Update 7.31.2019: This NSR250R is available for $12,500 and interested parties can contact Mark at firstname.lastname@example.org or 250-588-8775. Good luck to buyers and seller! -dc
If you’re a fan of four-stroke motorcycles, two-strokes like this Featured Listing Honda NSR250R MC28 can be a little… underwhelming, the first time you see, and especially hear one. I mean, even with aftermarket pipes, they make an oddly weedy sort of zing as they rev, and generally sound like you’ve strapped a couple of leaf-blowers with fueling issues to your bike. But fans know that’s the sound of a pure, simple, and utterly focused bike that emphasizes handling over brute power. And the MC28 was probably the most sophisticated of the breed and, until recently, very hard to get a hold of here in the USA.
The mechanics of a two-stroke are inherently primitive, and not very eco-friendly, since lubricant is mixed with the air and fuel in a constant-loss system that will spew heavy, oil-rich smoke from the tiny exhaust cans. But that simplicity means a two-stroke engine is incredibly light weight, and makes pretty spectacular power for a given displacement. If you come from a four-stroke mentality, a 250cc sportbike sounds very unimpressive, but bikes in the class weighed in at around 300lbs and could make as much as 55hp at the wheel when properly tuned, or even a bit more if you didn’t mind the occasional engine seizure…
The original NSR250R MC16 was introduced in 1987 and laid down the pattern the others would follow, with a 249cc 90° v-twin that featured an RC powervalve, and PGM electronic ignition, and a six-speed gearbox, wrapped by an aluminum beam frame. The final MC28 version of the bike seen here debuted in 1993 and added a slick ELF-designed Pro-Arm single-sided swingarm and trick PGM-IV electronic ignition system to the mix, making it one of the most advanced sportbikes of any displacement available at the time.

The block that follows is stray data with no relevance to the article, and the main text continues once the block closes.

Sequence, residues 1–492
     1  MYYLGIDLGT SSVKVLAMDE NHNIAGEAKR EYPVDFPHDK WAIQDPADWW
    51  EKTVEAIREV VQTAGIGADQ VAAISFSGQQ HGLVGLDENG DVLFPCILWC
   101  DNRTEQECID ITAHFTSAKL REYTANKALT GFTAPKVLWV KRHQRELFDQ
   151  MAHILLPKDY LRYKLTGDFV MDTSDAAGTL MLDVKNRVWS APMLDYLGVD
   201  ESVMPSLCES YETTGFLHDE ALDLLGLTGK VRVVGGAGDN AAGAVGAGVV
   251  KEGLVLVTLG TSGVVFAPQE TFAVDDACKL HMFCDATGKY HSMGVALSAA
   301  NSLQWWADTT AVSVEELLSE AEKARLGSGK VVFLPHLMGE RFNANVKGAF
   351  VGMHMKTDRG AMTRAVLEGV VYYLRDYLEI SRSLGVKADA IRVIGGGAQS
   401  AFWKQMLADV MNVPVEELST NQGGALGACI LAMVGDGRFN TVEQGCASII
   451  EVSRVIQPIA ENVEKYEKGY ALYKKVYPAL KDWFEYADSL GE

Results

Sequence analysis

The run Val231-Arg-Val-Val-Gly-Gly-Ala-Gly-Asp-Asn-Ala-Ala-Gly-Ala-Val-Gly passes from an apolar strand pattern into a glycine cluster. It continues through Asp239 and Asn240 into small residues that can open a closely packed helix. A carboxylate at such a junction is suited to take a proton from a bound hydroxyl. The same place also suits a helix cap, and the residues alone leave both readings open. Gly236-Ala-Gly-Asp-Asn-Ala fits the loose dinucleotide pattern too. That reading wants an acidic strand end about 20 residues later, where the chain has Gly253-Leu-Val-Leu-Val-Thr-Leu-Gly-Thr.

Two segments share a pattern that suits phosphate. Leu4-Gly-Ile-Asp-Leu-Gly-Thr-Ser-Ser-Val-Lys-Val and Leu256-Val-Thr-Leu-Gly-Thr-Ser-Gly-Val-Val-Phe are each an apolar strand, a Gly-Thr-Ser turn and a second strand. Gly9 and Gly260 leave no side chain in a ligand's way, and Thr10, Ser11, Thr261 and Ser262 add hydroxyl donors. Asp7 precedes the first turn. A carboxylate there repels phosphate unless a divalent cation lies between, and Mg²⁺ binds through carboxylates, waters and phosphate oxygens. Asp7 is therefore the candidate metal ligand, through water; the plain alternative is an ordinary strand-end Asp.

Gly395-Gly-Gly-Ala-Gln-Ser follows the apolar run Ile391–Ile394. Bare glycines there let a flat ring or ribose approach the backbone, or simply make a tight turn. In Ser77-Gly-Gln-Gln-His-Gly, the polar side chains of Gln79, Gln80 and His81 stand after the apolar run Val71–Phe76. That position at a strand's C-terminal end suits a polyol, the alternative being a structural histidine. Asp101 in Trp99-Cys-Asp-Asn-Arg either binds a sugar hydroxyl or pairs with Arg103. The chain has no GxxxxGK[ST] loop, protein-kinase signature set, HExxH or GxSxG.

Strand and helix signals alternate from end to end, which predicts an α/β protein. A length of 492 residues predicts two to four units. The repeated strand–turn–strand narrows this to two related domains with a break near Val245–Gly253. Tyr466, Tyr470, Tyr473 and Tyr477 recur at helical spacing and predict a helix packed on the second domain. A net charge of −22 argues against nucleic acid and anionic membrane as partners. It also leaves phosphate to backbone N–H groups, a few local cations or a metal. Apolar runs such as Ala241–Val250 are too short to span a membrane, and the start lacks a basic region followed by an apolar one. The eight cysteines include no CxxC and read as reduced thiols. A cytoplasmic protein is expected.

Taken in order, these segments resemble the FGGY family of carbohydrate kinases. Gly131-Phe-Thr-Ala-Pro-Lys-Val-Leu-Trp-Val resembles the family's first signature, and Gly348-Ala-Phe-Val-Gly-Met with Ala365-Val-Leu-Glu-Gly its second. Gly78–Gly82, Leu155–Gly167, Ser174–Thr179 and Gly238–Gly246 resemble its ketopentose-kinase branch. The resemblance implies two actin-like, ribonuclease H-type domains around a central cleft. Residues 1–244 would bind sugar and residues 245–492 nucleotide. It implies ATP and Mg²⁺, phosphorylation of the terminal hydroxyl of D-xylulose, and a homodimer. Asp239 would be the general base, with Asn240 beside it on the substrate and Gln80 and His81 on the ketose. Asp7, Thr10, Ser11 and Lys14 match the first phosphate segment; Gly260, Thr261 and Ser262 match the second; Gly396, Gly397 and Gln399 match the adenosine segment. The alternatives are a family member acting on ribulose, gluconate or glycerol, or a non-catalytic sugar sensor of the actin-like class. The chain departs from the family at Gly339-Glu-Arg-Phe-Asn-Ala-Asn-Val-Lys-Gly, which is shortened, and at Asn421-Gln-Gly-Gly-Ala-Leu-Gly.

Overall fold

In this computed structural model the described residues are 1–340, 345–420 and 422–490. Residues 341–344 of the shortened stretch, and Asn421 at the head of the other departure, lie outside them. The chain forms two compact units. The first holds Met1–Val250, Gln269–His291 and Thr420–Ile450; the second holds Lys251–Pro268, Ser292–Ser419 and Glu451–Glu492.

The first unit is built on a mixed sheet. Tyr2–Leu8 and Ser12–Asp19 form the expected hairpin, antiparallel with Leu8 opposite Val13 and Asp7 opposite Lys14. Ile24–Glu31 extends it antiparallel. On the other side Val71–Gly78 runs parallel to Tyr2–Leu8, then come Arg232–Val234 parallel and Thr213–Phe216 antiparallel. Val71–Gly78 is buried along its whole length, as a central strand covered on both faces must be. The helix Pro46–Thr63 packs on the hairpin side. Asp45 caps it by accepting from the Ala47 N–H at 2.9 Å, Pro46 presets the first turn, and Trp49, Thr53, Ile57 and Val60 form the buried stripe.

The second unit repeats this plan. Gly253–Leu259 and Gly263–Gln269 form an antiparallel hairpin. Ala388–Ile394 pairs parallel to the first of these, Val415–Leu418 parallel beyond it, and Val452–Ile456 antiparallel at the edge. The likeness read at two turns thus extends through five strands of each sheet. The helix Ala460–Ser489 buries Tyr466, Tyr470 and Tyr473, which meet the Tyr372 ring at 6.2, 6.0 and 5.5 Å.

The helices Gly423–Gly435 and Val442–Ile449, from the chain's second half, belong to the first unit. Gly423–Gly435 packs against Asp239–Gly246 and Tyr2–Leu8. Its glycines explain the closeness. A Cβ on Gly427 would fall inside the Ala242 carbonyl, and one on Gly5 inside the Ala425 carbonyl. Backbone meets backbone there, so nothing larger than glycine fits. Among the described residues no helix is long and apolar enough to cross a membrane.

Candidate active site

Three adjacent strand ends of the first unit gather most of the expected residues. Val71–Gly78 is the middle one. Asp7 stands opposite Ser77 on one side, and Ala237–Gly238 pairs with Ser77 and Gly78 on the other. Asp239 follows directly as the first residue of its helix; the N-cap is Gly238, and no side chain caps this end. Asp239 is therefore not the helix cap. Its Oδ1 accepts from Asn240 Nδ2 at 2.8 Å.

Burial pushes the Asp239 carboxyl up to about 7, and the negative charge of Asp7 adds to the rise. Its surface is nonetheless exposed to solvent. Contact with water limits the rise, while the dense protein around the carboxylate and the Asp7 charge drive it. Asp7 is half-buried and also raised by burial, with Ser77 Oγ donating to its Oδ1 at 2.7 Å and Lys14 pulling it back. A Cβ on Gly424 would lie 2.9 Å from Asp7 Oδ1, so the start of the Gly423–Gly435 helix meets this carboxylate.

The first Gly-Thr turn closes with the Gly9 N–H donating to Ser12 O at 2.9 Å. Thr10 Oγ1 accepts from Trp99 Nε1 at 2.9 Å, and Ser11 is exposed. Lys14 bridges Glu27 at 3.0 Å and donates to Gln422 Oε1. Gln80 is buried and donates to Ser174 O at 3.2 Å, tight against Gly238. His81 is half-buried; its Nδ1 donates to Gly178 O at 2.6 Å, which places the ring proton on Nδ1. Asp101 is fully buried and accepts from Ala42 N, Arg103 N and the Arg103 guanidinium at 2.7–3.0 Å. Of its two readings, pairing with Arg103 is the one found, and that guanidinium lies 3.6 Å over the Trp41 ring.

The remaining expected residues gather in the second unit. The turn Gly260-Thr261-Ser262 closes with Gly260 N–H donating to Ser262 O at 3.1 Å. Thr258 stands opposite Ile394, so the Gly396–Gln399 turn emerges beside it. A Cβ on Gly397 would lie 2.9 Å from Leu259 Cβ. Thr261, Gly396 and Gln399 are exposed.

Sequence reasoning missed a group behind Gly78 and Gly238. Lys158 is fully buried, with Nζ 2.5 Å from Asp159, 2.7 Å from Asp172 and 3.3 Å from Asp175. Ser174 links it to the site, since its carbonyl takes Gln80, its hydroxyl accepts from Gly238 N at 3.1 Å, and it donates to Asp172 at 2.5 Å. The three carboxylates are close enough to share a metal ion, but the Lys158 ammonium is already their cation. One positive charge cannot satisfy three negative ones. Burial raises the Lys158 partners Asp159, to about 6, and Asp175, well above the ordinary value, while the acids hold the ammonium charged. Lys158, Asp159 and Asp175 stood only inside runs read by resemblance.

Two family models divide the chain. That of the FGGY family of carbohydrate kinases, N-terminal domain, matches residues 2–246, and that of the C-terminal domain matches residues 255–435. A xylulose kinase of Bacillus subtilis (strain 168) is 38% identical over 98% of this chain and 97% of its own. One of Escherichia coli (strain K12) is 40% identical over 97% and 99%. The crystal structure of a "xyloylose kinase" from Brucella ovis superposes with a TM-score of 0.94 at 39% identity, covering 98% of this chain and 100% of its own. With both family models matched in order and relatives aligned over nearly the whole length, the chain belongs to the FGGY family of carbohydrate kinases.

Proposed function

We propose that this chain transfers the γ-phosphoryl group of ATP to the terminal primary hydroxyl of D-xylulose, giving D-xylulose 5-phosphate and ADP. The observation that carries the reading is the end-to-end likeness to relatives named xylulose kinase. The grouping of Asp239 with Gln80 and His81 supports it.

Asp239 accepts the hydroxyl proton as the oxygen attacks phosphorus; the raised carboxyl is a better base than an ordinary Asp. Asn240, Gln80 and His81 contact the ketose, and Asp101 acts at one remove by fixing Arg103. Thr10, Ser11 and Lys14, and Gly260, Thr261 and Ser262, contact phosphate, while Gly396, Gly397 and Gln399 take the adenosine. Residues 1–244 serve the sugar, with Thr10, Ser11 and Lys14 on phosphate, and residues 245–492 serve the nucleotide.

Today’s example has incredibly low miles and has had the wheels painted white to match the bodywork for an extra dash of 90s style. It’s currently located in British Columbia, but shouldn’t be too hard to register here in the US, depending on where you live. California residents, as always, should visit their local DMV with a sack of unmarked, non-sequential bills and a bottle of good scotch…
From the Seller: 1994 Honda NSR250R MC28 for Sale
Up for sale is a beautiful 1994 Honda NSR250R MC28 with only 1,000km (622 miles). Bike is almost in mint condition. It had a stress crack on the right upper cowling around the blinker that has been professionally repaired. You can see the repair from the inside of the fairing but the outside looks perfect. All fairings are genuine Honda 100%. Bike is completely stock, like it was on the Japanese dealership floor in 1994. No dents on the tank (the tank itself was professionally cleaned and rust-proofed in 2018), one tiny chip in the paint. Wheels were professionally refurbished in 2018 and converted from red to white, which as a personal preference, was a game changer for how the bike looks. A brand new OEM rubber chain guide is included in the sale. Only a few handling marks not worth mentioning. Bike looks awesome. Just serviced with new fork seals (2017), new battery (2018), new engine fluids (2019), and Dunlop Sportmax Q-14’s installed front and rear in 2017. Runs like the day it was new.
This NSR was purchased from a dealer in USA in 2017 and can easily be returned to the USA market. I’m happy to deliver this bike to Blaine, WA 98230 to provide an easy loading point for any USA-based buyer. Bike is currently titled as a streetbike for road use in BC, and had similar title in USA. Thank You For Looking. Call 250-588-8775 for more photos or questions.
Contact Mark: email@example.com or 250-588-8775
Well, the completely stock condition might mean you’re stuck with Japan’s government-mandated 45hp, but the MC28 version is much harder to de-restrict than earlier versions and originally required a hard-to-obtain HRC ignition card to unleash the full power. For collectors, it means that the stock electronics and wiring harness haven’t been monkeyed with, and 45hp is still plenty of fun in a 300lb package, if the new owner plans to ride it. Aside from the minor fairing damage the seller describes and the non-original paint on the wheels, this thing should be immaculate, given the mileage.